Here are some examples of fitness goals for women.

Long-Term Fitness Goals

  • Lower your body fat percentage
  • Get stronger
  • Train for a marathon
  • Train for a triathlon
  • Master a sport
  • Master nutrition
  • Lower cholesterol
  • Make fitness a part of your everyday life
  • Focus on healthy habits
  • Improve overall quality of life

Short Term Fitness Goals

  • Get out of your comfort zone (try a new fitness activity)
  • Run a 5k
  • Run {X} miles
  • Do 5 pull ups
  • Complete 20 push ups
  • Learn a new movement (this could be in any fitness category; yoga, CrossFit, dance, etc.)
  • Drink a gallon of water a day
  • Lift {X} amount in a specific movement (for example; I want to be able to deadlift twice my bodyweight)
  • Lose 3 inches in your waist
  • Cut out sugar
  • Stop drinking soft drinks
  • Stop eating processed foods
  • Walk 10K steps a day

What’s your goal? Do you have a long term or short term goal in mind? Do you think about it every time you workout?

Also, having a calendar or journal to keep track of your workouts and progress is very important. You want to know how better you got think month versus last month the only way to know if you’re improving is if you write it done. If you’ve done P90X you know what I mean, Tony was always saying, “Write it Down!”

I’m now using my updates to you to help me keep track of my progress. For CrossFit, I use an app called myWOD to document my max lifts, and I can easily see how much weight I can lift for each movement and the date.

SMART Fitness Goals

The last point to remember when setting fitness goals is to set SMART fitness goals. I’m not talking about the #fitnessgoals hashtag on Instagram with pictures of women with abs for days.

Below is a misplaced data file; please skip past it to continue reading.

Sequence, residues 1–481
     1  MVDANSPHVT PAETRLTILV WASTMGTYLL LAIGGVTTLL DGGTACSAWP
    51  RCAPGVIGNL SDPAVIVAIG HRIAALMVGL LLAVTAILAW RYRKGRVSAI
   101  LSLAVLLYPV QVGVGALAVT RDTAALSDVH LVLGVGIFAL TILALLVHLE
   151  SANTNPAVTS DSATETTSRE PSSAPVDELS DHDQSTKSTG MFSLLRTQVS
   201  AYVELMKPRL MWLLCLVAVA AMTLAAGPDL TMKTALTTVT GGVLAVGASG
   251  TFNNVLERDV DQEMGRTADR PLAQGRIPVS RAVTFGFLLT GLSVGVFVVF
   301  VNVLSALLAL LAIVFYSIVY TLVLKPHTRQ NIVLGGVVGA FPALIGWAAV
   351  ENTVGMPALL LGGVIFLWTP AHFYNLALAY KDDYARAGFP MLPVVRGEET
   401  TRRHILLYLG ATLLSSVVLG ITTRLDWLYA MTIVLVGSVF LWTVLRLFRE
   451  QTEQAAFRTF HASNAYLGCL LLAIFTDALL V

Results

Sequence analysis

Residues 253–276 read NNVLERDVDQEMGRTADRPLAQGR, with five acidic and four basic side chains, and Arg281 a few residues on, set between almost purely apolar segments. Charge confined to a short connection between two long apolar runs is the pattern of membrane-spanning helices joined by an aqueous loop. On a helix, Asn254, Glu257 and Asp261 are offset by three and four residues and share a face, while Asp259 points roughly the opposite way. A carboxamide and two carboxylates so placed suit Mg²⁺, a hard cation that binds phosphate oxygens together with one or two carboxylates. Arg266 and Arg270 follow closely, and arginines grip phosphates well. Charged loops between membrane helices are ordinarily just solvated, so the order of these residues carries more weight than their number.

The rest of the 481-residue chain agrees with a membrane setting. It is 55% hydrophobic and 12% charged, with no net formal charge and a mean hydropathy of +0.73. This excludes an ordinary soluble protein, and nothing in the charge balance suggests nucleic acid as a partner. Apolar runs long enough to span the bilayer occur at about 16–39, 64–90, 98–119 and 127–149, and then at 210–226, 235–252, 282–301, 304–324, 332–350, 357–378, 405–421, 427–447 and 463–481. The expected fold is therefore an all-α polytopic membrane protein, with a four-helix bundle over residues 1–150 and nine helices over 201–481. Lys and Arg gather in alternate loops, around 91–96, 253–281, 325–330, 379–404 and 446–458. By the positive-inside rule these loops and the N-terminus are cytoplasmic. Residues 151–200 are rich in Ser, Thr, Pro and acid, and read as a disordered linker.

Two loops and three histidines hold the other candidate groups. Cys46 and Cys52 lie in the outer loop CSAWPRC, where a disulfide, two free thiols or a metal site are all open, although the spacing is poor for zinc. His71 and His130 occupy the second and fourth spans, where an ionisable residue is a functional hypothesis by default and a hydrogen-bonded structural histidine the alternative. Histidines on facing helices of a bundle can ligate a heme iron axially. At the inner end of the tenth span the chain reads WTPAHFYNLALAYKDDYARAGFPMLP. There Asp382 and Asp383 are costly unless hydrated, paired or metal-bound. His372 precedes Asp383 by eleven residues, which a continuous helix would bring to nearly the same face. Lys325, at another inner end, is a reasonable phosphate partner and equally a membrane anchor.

I’m referring to fitness goals that lift your self-esteem and motivate. Give your fitness goal some real thought and determine if it’s a SMART goal.

SMART stands for:
S – Specific: There should be no ambiguity in your goal. “Lose weight” doesn’t work. Your goal needs to be as specific as possible.
M – Measurable: Your goal should have a criteria for measurement and you should now when you reach your goal by measuring progress
A – Attainable: You should be able to reach your goal
R – Realistic: You have to set a goal that’s realistic for you, don’t set one too difficult as you might get discouraged.
T – Timely: You should have a date by which you will reach the fitness goal

For example; I will run a half marathon in 5 months. To run 13.2 miles in 5 months, I will follow a running training calendar where I gradually increase the number of miles I run on a specific day and total miles run over the week.

SMART Fitness Goal Example:
S – Specific: Complete a half marathon
M – Measurable: I will progressively measure the total amount of miles ran each week, and total miles ran in one day leading up to the marathon.
A – Attainable: I exercise regularly, I am healthy, and run occasionally. Running a half marathon is achievable for me.
R – Realistic: Since I’ve never run a marathon before I will run a half marathon before a full marathon.
T – Timely: This goal will be achieved on the day of the half marathon event.

I would love to hear from you! What are your fitness goals?

Stay StylishlyFit,